Wednesday, April 23, 2014
Rhea Cote Robbins believes everyone has a story and should tell it.
ROOTS: Author Rhea Cote Robbins stands along Water Street in the South End section of Waterville. Her book “‘down the Plains’” is about growing up in a home nearby.
Staff photo by David Leaming
As a writer of regional creative nonfiction, she says that if we are to know ourselves, our history and our culture, we must document it.
“I believe there has to be more literature,” she said. “I think other people should write and tell their stories. They need to know that they have to value their story.”
As a child of French heritage growing up on Water Street in the South End of Waterville in the 1960s, she was told at every turn that she was not valued — because of her ancestry and the fact that she lived in a working class Franco-American neighborhood.
The area was called The Plains and was settled by Canadian immigrants who worked in the mills. Her father, an abusive alcoholic, worked 38 years at the Hollingsworth & Whitney/Scott Paper mill in Winslow. Her mother worked at the C.F. Hathaway Co. shirt factory at the north end of Water Street.
Cote Robbins, now 60, documented her story in the book, “‘down the Plains,’” which describes her coming of age in a house her parents built at the south end of Water Street, between Pine Grove Cemetery and the Kennebec River.
The book is about a girl’s struggle to find herself in an era when speaking French was discouraged and where English-speaking people made fun of her “Frenchness,” — her accent, the way she used her hands to explain things, how she spoke animatedly and loved to debate and argue.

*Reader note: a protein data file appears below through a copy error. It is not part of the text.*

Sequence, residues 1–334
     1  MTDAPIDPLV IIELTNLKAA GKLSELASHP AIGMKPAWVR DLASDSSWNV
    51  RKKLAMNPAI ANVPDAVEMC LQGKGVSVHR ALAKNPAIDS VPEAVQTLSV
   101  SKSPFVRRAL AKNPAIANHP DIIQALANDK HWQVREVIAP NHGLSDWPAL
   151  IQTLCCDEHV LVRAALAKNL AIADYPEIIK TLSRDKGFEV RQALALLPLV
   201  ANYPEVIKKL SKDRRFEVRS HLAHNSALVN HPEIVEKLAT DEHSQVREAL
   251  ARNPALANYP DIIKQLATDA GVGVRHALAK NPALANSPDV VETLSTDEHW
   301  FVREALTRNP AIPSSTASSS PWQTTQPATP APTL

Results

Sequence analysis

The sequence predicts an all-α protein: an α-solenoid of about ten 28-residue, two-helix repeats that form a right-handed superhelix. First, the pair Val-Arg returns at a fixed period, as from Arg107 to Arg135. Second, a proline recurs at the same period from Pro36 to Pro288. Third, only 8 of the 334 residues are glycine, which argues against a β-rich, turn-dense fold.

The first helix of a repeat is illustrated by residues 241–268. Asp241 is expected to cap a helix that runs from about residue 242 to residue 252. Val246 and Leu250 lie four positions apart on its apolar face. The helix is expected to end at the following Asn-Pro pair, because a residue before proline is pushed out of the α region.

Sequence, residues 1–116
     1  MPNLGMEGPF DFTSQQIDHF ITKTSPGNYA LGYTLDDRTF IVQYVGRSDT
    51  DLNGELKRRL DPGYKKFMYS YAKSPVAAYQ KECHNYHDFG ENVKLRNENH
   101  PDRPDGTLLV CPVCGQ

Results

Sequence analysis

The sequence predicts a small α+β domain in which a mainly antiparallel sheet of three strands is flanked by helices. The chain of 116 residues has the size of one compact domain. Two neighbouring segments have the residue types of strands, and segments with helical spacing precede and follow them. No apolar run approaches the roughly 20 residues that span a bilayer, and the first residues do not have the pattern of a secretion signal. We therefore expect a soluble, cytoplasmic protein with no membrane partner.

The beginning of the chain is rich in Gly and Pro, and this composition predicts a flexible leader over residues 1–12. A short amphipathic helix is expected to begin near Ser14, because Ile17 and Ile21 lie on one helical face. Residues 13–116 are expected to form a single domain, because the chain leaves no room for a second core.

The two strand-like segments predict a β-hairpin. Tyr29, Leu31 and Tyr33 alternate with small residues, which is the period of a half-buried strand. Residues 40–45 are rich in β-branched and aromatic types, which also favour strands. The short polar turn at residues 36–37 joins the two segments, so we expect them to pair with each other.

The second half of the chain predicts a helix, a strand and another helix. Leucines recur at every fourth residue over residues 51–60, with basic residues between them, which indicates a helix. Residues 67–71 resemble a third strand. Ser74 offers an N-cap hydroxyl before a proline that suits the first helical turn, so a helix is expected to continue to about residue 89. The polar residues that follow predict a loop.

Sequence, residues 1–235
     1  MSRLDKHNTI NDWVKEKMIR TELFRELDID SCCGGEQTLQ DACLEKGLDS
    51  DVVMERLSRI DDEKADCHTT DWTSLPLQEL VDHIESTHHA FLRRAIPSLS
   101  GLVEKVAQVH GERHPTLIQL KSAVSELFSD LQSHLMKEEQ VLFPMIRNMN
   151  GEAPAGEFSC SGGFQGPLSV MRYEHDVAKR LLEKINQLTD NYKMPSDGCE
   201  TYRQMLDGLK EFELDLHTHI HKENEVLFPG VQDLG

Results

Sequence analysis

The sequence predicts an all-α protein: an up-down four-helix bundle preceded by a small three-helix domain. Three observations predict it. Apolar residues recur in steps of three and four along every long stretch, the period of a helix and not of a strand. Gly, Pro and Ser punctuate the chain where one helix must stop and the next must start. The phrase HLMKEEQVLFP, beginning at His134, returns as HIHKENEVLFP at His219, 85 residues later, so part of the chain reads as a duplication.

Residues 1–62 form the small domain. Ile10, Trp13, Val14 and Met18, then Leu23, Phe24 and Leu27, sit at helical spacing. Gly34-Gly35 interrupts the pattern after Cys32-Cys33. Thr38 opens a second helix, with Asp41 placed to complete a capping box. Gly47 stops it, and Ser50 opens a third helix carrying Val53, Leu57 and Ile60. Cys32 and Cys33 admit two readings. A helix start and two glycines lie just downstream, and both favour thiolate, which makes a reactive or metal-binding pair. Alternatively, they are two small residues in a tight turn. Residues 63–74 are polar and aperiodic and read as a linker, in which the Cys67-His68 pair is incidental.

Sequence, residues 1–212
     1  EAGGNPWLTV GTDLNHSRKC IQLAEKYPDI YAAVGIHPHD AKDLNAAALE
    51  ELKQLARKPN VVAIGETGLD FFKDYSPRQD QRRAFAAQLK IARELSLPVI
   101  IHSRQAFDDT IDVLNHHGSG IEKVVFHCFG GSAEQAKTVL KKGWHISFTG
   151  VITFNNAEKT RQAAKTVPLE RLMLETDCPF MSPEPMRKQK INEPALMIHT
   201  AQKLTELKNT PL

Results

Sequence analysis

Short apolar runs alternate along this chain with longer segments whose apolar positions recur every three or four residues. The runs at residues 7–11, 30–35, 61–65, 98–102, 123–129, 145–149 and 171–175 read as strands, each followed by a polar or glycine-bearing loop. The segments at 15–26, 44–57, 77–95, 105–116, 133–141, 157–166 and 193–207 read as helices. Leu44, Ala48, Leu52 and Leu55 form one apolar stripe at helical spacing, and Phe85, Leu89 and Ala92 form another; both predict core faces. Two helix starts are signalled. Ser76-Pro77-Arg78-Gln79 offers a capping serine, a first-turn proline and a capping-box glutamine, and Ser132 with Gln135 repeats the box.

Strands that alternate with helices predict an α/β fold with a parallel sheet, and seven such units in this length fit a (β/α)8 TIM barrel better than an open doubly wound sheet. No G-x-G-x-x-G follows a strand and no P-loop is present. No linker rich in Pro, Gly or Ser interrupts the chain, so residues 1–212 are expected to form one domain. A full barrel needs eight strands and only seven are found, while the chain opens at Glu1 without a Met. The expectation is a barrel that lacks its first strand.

It is a story about growing up with a father who was artistic, yet barely literate — a father who she now believes suffered from clinical depression and self-medicated with alcohol. He was a hard worker who drank only on weekends, but when he did, he beat her mother, terrorized the family and wreaked havoc in the household. Her mother, a protective parent, was an avid reader and a wonderful seamstress who made all of her daughter’s clothes.
The story follows Cote Robbins as a young girl, suffering the taunting of some schoolchildren during the one year her family lived in the Somerset County town of Detroit.
She was teased because of her accent and told she was a dumb Frenchman, which prompted her to stay inside the school building during recesses, reading all the Nancy Drew and Trixie Belden books she could find, imagining herself in those fictional worlds where friends were loyal and supported one another.
The blessing of attending Catholic schools was that the teachers were nuns who took academia seriously and were terrific storytellers and writing instructors. They taught the children to write profusely and often, according to Cote Robbins.
Writing, she said, was a daily ritual — and one she has continued to the present.
“I think that someone really has to put in the time and the craft to work at their writing. It’s a process. You have to practice. I told my husband, David, it’s like practicing (musical) scales. I just started writing in my 159th journal.”
After graduating from Waterville High School in 1971, Cote married and had three children. She studied art at University of Maine at Presque Isle in 1980-82, then attended University of Maine, in Orono, on a bilingual education scholarship and earned a bachelor’s degree. She taught high school English briefly and from 1986 to 1996 was editor of LeForum, an international bilingual, socio-cultural journal at UM. She received a master’s degree in art in 1997.
She founded the Franco-American Women’s Institute, an online resource that documents Franco-American women’s contributions to Maine. She also taught in UM’s Women’s, Franco-American and Maine Studies programs. In 2004, she received an honorary doctorate from the University of Maine at Farmington. Now she is an academic adviser in the Explorations Program at UM, helping students undecided about their majors to identify their areas of interest.
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